Patel asked Prechtl to discuss the challenges of moving into a new market that is unaccustomed to value-based care. “It’s going to take time to build size and scale within that state,” Prechtl said.
Health systems may even refuse to sign leases with practices in their medical offi ce buildings. “They immediately assume that there’s going to be some radical pulling out of services from the health system, instead of looking for the opportunity to keep those physicians community-based, keeping patients local, and growing the market share. But that’s what we’re experiencing when we go out of state.”
Patel also asked what lessons had been gained from the OCM experience. Small practices, Prechtl responded, have a difficult time with shared savings contracts in the OCM, which is why they look to organizations like AON to help manage the transition. Florida Cancer Specialists will move to two-sided risk in 2020.
“We’ve done very well under the OCM,” Prechtl said. “But, you know, there [were] a lot of good arguments where the OCM isn’t perfect. A lot of these practices defi nitely can use the sophistication of a large organization to help them.”
Jordan explained that the OCM is still a MIPS program, along with financing to make the transition. Regional Cancer Care Associates joined OCM with the idea that it would get some funds for making the shift to taking on risk and learning how to manage it. “Perhaps, a little naively, we thought we’d learn a lot more than we’ve learned. It’s been a little harder than we thought,” he said.
Groups outside the OCM that think they are avoiding the two-sided risk are not; it may just take a diff erent form, Jordan said. “All the learning that we’ve gained from OCM we apply across all our programs,” including the commercial value-based models. “So, overall, it’s been a great experience.”
Blau discussed the challenges of gaining fi nancing for the transition to value-based care, and Mounce said the new way of delivery care brings costs such as data scientists, whom no one had hired in the past. These are costs that can be shared across a network.
Jordan sees signs that the vendors who work with oncology practices aren’t interested only in large groups, they want to work with medium- and small-size practices, too. “What’s happening right now is we’re at the beginning of a journey, and it’s a journey that can be expensive when you start. And we don’t know where we’re going, and there’s a lot of change, so a small practice will have a hard time at the outset.”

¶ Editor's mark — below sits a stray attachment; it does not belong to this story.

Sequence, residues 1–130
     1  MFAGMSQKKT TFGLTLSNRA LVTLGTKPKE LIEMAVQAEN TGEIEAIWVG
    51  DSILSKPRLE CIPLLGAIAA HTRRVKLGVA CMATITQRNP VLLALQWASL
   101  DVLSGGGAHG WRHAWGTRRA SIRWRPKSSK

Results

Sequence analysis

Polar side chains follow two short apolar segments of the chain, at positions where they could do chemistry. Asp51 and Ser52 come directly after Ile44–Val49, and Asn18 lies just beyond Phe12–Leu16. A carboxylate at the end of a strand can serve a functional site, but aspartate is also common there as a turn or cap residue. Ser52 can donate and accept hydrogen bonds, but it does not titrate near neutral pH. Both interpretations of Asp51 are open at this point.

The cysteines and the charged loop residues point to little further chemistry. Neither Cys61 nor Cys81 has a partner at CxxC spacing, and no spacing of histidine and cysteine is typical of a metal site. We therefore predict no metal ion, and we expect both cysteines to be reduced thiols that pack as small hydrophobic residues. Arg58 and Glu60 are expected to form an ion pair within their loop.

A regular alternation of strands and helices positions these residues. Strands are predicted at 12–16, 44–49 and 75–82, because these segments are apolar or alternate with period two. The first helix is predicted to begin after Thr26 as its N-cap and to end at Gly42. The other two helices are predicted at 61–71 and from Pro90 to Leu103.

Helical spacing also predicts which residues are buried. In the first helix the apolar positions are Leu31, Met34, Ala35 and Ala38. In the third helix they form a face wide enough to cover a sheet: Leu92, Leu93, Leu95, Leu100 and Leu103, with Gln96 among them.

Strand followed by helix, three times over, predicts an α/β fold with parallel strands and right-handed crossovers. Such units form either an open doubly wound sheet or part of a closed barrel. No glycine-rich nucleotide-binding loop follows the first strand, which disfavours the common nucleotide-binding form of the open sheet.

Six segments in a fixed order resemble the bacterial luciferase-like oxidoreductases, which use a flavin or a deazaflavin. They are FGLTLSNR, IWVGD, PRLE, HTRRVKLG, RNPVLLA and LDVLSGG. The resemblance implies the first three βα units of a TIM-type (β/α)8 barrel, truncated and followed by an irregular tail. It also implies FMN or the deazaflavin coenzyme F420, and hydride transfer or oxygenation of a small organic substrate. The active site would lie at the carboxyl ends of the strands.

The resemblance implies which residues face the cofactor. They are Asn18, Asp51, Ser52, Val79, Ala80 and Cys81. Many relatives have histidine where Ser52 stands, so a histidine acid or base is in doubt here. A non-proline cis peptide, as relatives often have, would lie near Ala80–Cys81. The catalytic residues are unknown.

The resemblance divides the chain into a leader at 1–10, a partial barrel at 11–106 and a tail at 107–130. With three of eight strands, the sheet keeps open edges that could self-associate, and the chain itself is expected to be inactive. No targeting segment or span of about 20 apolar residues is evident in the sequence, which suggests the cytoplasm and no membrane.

In the long run, Jordan expects that both large and small practices will take part in care transformation; although that may make things complex, it will also help share the burden. “We’re going to fi nd out that’s an advantage,” he said.
Technology “is the great equalizer.”
Prechtl said he’s amazed that payers continue to pay higher reimbursement rates for hospital care than they do for community oncology, as hospitals “gobble up” community clinics only to drive up prices. “I just don’t understand how there’s not more of a focus on driving patients to community-based practices,” he said.
“Scale means everything,” Mounce said—and Blau agreed—and that happens when companies are managing the relationship between the payer and the oncologist. “Trust me, every payer in the country is trying to lower costs.”
Blau had her own thoughts on how to get there. “My practice is one of the top-performing practices of the OCM,” she said, and her group will be pursuing two-sided risk. “We’re very proud of it.”
But if the funding associated with the OCM goes away, things will change, and practices must fi nd “like-minded” partners with whom they can be clinically integrated, so that they can demonstrate how they are delivering value to a large group of payers. Otherwise, Blau warned, OCM-type models are not sustainable.
“We’re diff erent in many ways,” she said. “but we’re all trying to do the same thing.”